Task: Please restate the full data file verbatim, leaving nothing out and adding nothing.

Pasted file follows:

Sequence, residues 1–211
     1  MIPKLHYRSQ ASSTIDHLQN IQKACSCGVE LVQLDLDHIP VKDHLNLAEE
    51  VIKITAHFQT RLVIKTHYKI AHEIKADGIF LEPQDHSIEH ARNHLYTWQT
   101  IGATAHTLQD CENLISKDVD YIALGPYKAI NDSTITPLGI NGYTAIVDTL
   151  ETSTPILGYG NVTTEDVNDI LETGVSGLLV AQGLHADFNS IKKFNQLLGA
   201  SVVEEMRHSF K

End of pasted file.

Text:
Sequence, residues 1–211
     1  MIPKLHYRSQ ASSTIDHLQN IQKACSCGVE LVQLDLDHIP VKDHLNLAEE
    51  VIKITAHFQT RLVIKTHYKI AHEIKADGIF LEPQDHSIEH ARNHLYTWQT
   101  IGATAHTLQD CENLISKDVD YIALGPYKAI NDSTITPLGI NGYTAIVDTL
   151  ETSTPILGYG NVTTEDVNDI LETGVSGLLV AQGLHADFNS IKKFNQLLGA
   201  SVVEEMRHSF K